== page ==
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STEVE CHIOTAKIS: OPEC oil ministers meet today in Vienna to set production targets for the winter. The oil cartel controls 40 percent of the world’s supply and ministers know their commodity is vital to any economic recovery, so they’re not expected to tinker with it much.
But they will look closely at another idea, as Marketplace’s John Dimsdale reports.
JOHN DIMSDALE: The global price of oil is set in U.S. dollars. But when the dollar’s value is low — as it is now — oil producers have to jack up their prices to earn the same profit.
When the dollar fell dramatically two years ago, the spike in oil prices made more costly alternative fuels more competitive, says oil analyst Stephen Schork.
STEPHEN SCHORK: So not only was OPEC not receiving the full bang for its buck, but they were also seeing the potential for their market share erode.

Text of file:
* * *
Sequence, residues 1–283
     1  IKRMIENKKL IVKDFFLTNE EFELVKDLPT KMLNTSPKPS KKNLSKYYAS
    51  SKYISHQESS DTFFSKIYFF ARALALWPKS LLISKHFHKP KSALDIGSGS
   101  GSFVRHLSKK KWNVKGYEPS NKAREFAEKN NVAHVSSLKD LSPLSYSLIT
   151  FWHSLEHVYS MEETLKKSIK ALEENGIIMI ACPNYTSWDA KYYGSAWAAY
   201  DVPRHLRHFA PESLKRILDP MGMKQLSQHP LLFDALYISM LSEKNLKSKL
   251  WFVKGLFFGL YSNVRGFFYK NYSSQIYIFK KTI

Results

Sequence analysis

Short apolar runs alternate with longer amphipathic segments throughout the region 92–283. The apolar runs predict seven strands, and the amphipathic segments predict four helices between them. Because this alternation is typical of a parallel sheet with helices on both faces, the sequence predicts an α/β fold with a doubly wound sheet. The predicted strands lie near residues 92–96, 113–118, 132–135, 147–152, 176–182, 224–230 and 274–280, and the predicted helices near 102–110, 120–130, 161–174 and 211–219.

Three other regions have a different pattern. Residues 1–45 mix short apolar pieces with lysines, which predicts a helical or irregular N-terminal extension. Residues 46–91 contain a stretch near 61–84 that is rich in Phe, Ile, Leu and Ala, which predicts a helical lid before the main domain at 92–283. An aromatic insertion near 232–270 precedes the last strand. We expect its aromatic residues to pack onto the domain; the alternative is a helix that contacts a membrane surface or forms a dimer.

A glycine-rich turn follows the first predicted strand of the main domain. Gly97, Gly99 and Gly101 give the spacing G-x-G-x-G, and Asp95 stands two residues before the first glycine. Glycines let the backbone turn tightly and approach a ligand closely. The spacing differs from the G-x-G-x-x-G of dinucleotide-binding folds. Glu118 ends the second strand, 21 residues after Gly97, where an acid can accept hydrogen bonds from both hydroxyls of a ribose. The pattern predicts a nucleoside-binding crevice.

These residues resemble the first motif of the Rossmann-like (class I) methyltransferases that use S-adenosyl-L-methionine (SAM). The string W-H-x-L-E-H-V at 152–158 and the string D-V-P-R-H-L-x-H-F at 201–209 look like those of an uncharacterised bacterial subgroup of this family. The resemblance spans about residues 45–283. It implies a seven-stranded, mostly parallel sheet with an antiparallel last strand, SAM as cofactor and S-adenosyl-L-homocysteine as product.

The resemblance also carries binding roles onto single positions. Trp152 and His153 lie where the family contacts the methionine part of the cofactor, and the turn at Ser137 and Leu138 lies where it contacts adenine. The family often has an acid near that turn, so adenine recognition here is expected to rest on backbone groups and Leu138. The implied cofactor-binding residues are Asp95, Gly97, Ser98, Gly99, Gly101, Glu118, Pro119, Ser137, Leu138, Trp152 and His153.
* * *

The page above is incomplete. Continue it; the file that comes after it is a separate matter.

So OPEC ministers are resurrecting an old idea — tying oil to a basket of currencies, including the euro, instead.
Houston oil industry consultant Larry Carl says the dollar is losing its dominance.
LARRY CARL: When we look at the way the rest of the economies around the globe are recovering and we’re falling behind, we have to start getting used to the fact that we’re not going to lead right here, right now.
But if OPEC switched to this system, Carl says U.S. gasoline prices would be more susceptible to currency fluctuations overseas.
In Washington, I’m John Dimsdale for Marketplace.
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